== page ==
New energy transformations have been found using highly organized, micron-sized clusters of electrons, or EVs, having soliton behavior, with electron populations on the order of Avagadro's number. When interacted with solid material, these charge clusters perform a low-energy phase transformation type of atomic disruption that liquefies the lattice and propels the material to a high velocity without apparent signs of conventional heating. Using an ordinary thermal interpretation, a thermal gradient for bulk material greater than 26,000 degrees C per micrometer would be required to achieve these effects. Evidence will be shown for the EV transiting the solid material, fluidizing it by contributing one extra electron per nucleon for a period considerably longer than the relaxation time, and then imparting momentum to the fluid. Under such conditions, the impact of this fluid on another solid buries a slug of solidified material to depth of over 20 micrometers. This abnormal behavior introduces the notion of energy gain produced through a low energy atomic and molecular phase change coupled with high recombination energy release. Evidence will also be introduced for the underlying energy production process stemming from the equivalence of an electron-annihilation energy release based on the manipulation of fractional electronic charge.
Scanning electron micrographs will be introduced showing EV borehole perfection, dual EV existence, and an electrically driven, sloshing type of material reflection in the borehole that is correctable with impedance-matching, micro nozzles. Micro thrusters using a 20 micrometer diameter and 100 micrometer long slug of non-explosive material will be discussed that are based on a spark-like propulsion process giving sufficient velocity to produce shock cones 70 micrometers apart at atmospheric pressure after being initiated from an energy source of 20 micro Joules. In vacuum, the ions from such a source travel 1 cm in 50 nanoseconds. As an example of the new energetics produced by EV interaction with material, data will be submitted on an intense light source having dimensions of a few micrometers and duration of several picoseconds arising from a form of synchrotron radiation. The basis for controlling the wavelength of this photon source from the visible light region to gamma wavelengths will be discussed. Micrographs will be shown of a low energy nuclear reaction that has produced nuclear transmutations by using a nuclear cluster reaction process.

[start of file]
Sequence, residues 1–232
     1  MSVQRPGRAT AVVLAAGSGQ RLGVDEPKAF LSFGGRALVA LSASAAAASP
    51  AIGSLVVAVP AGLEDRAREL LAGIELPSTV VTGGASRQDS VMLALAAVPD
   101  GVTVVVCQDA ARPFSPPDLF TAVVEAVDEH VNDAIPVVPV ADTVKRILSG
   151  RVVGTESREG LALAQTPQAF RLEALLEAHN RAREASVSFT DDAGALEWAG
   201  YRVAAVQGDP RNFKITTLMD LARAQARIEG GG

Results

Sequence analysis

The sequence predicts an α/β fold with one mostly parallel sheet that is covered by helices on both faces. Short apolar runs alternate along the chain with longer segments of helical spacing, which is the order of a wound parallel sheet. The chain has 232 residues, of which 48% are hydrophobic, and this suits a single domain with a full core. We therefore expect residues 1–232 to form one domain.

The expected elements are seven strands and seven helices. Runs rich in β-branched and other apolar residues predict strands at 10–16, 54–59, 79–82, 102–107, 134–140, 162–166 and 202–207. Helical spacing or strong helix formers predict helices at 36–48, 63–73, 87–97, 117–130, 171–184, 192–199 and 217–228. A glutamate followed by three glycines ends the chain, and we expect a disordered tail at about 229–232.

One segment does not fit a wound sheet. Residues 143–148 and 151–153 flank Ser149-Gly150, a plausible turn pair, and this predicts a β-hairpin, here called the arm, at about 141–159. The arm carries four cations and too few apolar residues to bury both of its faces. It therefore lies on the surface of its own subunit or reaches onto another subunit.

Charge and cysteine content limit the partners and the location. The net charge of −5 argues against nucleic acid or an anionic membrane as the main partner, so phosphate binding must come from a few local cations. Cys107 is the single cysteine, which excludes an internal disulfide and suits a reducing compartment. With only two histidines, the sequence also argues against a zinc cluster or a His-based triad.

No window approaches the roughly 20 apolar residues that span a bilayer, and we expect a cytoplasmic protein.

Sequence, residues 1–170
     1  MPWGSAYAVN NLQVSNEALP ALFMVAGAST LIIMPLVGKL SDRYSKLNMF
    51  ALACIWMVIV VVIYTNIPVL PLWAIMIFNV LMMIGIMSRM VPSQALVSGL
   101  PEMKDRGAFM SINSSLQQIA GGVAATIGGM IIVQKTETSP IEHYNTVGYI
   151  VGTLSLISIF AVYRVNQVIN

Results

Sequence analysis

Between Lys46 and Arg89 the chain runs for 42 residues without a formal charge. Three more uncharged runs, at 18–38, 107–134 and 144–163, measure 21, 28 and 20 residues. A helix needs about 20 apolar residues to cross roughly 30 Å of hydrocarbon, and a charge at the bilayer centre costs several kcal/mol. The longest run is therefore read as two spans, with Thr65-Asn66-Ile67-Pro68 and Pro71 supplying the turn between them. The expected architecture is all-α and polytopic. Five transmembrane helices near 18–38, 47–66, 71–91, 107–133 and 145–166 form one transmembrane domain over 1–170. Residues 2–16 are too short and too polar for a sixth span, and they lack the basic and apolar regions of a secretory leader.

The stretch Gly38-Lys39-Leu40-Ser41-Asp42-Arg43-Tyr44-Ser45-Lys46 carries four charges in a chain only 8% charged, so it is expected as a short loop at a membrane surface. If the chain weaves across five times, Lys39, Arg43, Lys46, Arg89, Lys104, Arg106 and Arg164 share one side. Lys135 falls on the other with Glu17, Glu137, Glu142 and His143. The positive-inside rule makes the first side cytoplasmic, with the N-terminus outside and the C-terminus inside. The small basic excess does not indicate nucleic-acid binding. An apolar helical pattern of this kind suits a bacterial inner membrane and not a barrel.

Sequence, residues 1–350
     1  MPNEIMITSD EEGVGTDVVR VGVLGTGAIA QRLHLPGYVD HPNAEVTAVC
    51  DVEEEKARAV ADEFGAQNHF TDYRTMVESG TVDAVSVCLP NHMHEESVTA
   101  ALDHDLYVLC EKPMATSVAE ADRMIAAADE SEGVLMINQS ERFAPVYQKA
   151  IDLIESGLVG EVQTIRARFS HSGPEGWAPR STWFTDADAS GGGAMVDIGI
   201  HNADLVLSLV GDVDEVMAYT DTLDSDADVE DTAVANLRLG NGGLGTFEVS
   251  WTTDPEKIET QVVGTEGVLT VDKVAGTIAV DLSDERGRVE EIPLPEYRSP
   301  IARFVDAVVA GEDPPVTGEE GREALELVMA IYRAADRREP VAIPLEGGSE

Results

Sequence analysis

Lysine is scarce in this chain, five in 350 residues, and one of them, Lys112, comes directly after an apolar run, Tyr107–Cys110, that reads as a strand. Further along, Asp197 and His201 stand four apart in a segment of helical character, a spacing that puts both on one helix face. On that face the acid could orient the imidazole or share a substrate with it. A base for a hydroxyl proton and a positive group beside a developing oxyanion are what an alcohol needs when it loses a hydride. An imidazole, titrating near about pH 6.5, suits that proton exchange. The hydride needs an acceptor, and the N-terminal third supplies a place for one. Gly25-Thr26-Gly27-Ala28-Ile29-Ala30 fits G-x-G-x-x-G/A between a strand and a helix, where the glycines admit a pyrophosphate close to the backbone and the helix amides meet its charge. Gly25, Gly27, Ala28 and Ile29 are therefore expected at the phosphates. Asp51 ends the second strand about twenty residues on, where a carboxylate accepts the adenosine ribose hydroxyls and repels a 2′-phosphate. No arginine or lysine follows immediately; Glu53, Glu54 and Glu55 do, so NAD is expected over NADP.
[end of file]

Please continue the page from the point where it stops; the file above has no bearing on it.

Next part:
Experimental evidence in the form of micrographs and X-ray microanalysis is presented suggesting that nuclear charge clusters, (micro sized plasmoids containing 1011 electrons and 106 prontons or deuterons) can accumulate into lattice nuclei with sufficient kinetic energy to overcome the Coulomb barrier and trigger transmutation events. The hypothesis to explain cold fusion is proposed where electrolytic loading of palladium or nickel causes cracking and fractoemission of the charge clusters.